Arun Jaitley yesterday said the slowdown was due to both domestic and global factors, but maintained that the move to demonetise the notes cannot be blamed alone.
A state-run Chinese daily said today that India has suffered a setback and a “nasty surprise” in the elephant versus dragon” race as its GDP growth slowed down in the January-April quarter helping China re-emerge as the fastest growing major economy. Calling it a “self-goal” by the government of Prime Minister Narendra Modi, Global Times hoped India will not score any more “own goals” in the future as it continues with its reform efforts. India lost the tag of the fastest growing major economy to China in the March quarter with a GDP growth of 6.1 per cent, which pulled down the 2016-17 expansion to 7.1 per cent.
Some experts believe the demonetisation of high-value bank notes, that accounted for nearly 85 per cent of currency in circulation, in November by the government had some effect on the data. Finance Minister Arun Jaitley yesterday said the slowdown was due to both domestic and global factors, but maintained that the move to demonetise the notes cannot be blamed alone. “It seems that India has suffered a setback in the ‘elephant versus dragon’ race, with an unexpected slowdown in its economy helping China regain the title of fastest-growing major economy in the first quarter,” the Chinese daily said.
Part of the publications run by the ruling Communist Party, the daily said the “surprising” slowdown points to “some underlying problems” facing the Indian economy. It also doubted the government data, saying they “have invited controversy.” “India watchers were caught off-guard when the economy was revealed on Wednesday to have grown by only 6.1 per cent in the January-March period, its weakest in more than two years. The number was well below analysts’ forecasts of more than 7 per cent growth for the quarter,” it said.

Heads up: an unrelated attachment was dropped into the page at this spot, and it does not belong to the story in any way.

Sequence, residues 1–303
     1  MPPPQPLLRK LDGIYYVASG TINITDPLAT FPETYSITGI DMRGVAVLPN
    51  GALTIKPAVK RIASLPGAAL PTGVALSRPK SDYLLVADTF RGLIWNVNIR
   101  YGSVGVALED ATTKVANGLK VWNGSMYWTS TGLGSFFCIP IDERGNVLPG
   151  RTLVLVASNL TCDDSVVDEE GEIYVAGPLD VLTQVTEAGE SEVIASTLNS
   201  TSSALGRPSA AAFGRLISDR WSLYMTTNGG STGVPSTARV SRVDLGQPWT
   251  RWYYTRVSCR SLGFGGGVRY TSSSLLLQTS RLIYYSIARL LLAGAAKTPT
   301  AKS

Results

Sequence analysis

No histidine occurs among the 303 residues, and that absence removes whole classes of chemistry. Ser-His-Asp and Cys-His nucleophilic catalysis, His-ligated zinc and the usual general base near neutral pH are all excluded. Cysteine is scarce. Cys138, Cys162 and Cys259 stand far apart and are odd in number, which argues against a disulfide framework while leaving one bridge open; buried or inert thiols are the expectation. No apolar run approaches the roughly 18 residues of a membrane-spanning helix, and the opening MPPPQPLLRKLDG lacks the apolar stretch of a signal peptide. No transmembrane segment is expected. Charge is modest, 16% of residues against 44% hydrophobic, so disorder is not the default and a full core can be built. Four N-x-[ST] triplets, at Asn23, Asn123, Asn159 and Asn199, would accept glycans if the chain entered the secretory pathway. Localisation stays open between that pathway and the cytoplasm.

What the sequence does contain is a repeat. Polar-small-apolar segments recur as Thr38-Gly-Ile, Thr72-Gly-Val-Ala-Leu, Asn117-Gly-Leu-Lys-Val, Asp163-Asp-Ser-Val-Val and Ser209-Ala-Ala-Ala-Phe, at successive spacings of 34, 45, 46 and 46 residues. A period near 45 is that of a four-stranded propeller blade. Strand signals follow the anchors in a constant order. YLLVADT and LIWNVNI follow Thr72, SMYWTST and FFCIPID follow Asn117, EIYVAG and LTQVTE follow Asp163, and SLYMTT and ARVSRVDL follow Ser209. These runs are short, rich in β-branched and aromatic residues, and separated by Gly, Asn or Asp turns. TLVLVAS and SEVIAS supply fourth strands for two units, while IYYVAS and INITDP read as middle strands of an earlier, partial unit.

The daily headlined the article ‘India gets nasty surprise from first-quarter growth amid doubts over earlier data’. It said “a significant upward revision of last year’s growth data for the same period by 1.3 percentage points to 9.2 per cent was in part blamed for the comparative slump in India’s economic growth in the first quarter this year”.
“But this was supposed to have already been factored into previous market estimates, so why did the growth data still come as such a shock?” “Adding to the puzzle is that India posted stronger- than-expected seven per cent growth in the October-to-December period when the economy was seen being hit by Indian Prime Minister Narendra Modi’s decision in November to scrap largest-denomination banknotes,” it said.
“The growth numbers, therefore, don’t hold water. Some local economists said the first-quarter growth reading is closer to reality compared with previous data,” it said. “The reality also shows how poorly the economy is weathering demonetisation,” the tabloid daily which carries articles all most every day against India in recent times said. India should be mindful of putting too much strain on its economy and subjecting the economy to a deeper imbalance while pressing ahead with ambitious reforms,” it said.
The Chinese economy has posted a 6.9 per cent growth in the first quarter this year – higher than the 6.5 per cent official target. The Chinese government has lowered this year’s growth target to 6.5 per cent amid reports that the total debt is reported to be worth over 250 per cent of GDP and bad loans by the commercial banks totalled to USD 220 billion. There was sense of disquiet in China, which remained the fastest growing economy for decades with double-digit growth rates, after it yielded the status to India. And the daily suggested that the Indian government “seriously think twice about reformist drives as drastic as the November decision.”